What Brewers MUST Know to be Successful Microbrewers in the next 10 years


The One Thing that will Determine your Success as a Homebrewer going into your Own Craft Brewery

Get this right and you will be one of the few brewers that will brew consistent beer with a long shelf life.

Ok, now that I’ve got your attention, you might be saying that there are many factors that contribute to a successful running of a craft brewery. And I agree with you wholeheartedly.

However, the importance of what I am talking about is often underestimated and should you go into starting your own little brewery or are already running one this little bit of information could determine your survival in the next decade.

It is related to the fact that most craft brewed beer on the Australian market taste and smell differently once they leave the brewery and sit in a bottle shop!  And worse still these changes can be noticed within a month of leaving the brewery. 

Up to now the craft brewing industry has survived despite itself because the growth has been fueled mostly by other factors such as a desire for the consumer to have unique tasting boutique beers, not just guzzling bland lagers, much like what has been happening in the rest of the food industry.

Also there has been a turn on big corporations producing mainly one style of beer that is probably more concerned with their pockets and a return for their shareholders. So production is mainly revolving around cost cutting, hence the “cheapness” of the beer.

There is nothing wrong with that type of beer for the masses and those companies are at the forefront on producing consistent tasting beer, although it may be viewed as one dimensional. There is a growing demand for “hand made” unique, locally produced and loved boutique beer.

You may be surprised to know that decades ago mainstream beer used to have more flavour than it does today. It had hop character using real hops. In fact, one such beer was re-invented some years ago and I was a fan of it but it only lasted a short period before ceasing to be produced (probably because of relatively slow sales and high production costs.)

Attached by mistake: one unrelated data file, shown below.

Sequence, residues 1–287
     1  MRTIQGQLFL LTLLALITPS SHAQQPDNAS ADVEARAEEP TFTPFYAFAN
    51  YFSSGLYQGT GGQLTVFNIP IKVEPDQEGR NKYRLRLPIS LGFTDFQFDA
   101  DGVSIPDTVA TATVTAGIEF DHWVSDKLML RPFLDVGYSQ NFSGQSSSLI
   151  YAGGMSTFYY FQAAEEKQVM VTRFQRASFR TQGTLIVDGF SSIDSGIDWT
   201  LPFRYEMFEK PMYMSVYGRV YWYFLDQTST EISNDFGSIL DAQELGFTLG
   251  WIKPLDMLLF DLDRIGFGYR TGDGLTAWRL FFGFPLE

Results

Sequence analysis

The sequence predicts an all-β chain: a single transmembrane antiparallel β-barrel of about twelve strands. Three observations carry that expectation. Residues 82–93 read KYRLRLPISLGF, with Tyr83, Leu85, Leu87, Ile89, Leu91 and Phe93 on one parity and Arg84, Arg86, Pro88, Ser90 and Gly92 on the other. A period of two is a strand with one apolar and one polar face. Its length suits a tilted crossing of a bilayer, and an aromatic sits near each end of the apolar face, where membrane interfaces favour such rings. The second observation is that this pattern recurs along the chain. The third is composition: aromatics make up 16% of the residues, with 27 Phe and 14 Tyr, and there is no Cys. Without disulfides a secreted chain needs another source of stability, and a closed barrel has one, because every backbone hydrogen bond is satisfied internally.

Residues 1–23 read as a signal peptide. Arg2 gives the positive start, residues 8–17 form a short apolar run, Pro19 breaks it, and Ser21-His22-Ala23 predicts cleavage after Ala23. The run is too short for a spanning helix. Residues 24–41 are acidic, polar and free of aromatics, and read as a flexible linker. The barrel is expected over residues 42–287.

So back to the one thing that is often not given enough importance by many microbrewers.

And that is, being able to keep flavour, aroma and consistency of the beer long after it has left the brewery. This is what we refer to as shelf-life.

All brewers are aware of it but most do nothing about it.
The reasons are twofold;

1. it costs money to set up a quality protocol which cannot be assigned an immediate monetary benefit, and
2. The brewer may not have the confidence and knowledge to set up a proper QC protocol

They do not want you to know about it but we can no longer be fooled.

When tasting craft beer at the place of origin, the brewery, we enjoy it immensely.  We also enjoy the atmosphere of the surrounding brewhouse, tanks that have been lit up with blue or red lights and of course the conversations that go with it all.

However, some brewers are unwittingly setting themselves up for failure because the  person leaving the brewery (having had a great experience) is going to be disappointed when he searches the bottle shop for that same beer and ultimately tastes it again at home.

“Bang#*!! what the hec!!……………”
“This isn’t what I tasted at the brewery. I’ve been duped!”, he will say.
“I will not buy that one again.”

I’ve experienced it. We all have.

But good news is on the way. Some brewers are taking the lead with closing the gap between the flavour of their beers in the brewery and those on the shelf.